It is essential for us to prioritize the wellbeing and protection of all our citizens to present a compelling and consistent stance on human rights issues. Pakistan, as a nation, must put its house in order first.
Derogatory slurs commonly used for sanitary workers, primarily comprising Christians, remain an epidemic in Pakistan. Astonishingly, in November 2020, the government of Sindh published a job advertisement specifically inviting applications from non-Muslims for a sanitation position, reflecting a concerning mindset within government structures.
However, amidst this disheartening environment, there are emerging efforts to combat this systematic discrimination from top to bottom. In November 2022, the National Commission for Minorities (NCM) made a significant statement, asserting that all jobs, including those of sanitary workers, must be open to all individuals, as associating religious minorities with such professions goes against the constitution and violates human dignity standards.
The Rwanda genocide stands as an example of how the term ‘cockroaches’ was used to dehumanize the Tutsi minority community. Derogatory terms have been recognized as an initial first step towards accelerating the persecution of minority groups, often further leading to mass genocides. Tragically, in just 100 days in 1994, approximately 800,000 people were brutally slaughtered in Rwanda by ethnic Hutu extremists.
In 2007, under the International Criminal Tribunal for Rwanda (ICTR), Ferdinand Nahimana, a prominent Rwandan historian, was convicted and sentenced to 30 years’ imprisonment for inciting genocide. Overall, this incident remains a stark reminder of the consequences of hate speech and politics of resentment.
To address this neglected issue, law-making will not be enough. Pakistan needs a concerted effort to promote liberal education that embraces inclusivity and religious sensitivity. Educational institutions should foster an environment that encourages dialogue, respect, and understanding among different religious and ethnic communities.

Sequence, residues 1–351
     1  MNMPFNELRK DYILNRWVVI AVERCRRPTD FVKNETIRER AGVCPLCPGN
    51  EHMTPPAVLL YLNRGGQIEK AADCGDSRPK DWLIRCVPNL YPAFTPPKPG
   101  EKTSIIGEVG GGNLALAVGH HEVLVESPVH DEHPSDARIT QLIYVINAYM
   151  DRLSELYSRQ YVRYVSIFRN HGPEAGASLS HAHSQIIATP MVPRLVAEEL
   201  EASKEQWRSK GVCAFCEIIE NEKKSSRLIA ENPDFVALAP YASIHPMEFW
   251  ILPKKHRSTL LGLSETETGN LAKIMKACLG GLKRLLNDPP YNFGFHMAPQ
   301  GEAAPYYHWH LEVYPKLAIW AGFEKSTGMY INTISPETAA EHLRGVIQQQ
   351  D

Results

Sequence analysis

By incorporating curricula that promote tolerance, diversity, and empathy, young minds can be shaped to appreciate the richness of Pakistan’s multicultural society. Sensitizing the wider population through public awareness campaigns and community initiatives can help combat prejudice and promote harmony.
Respecting the rights of minorities is not only a moral imperative but also a vital step towards building a thriving and inclusive society. Pakistan must confront the challenges faced by minority communities, ensuring that justice is served, economic opportunities are accessible, and religious freedom is safeguarded.
By valuing diversity, fostering inclusivity, and promoting education that instils empathy and understanding, Pakistan can pave the way for a brighter and more harmonious future. It is only through such collective efforts that the nation can rise above religious extremism and embrace the principles of equality, justice, and compassion for all its citizens.Eric Shahzar, "Our house is not in order," The News. 2023-08-27.
Keywords: Social sciences , Social fabric , Hindu community , Minorities , Region , Sharoon Masih , Pakistan , Kashmir , APPG , ICTR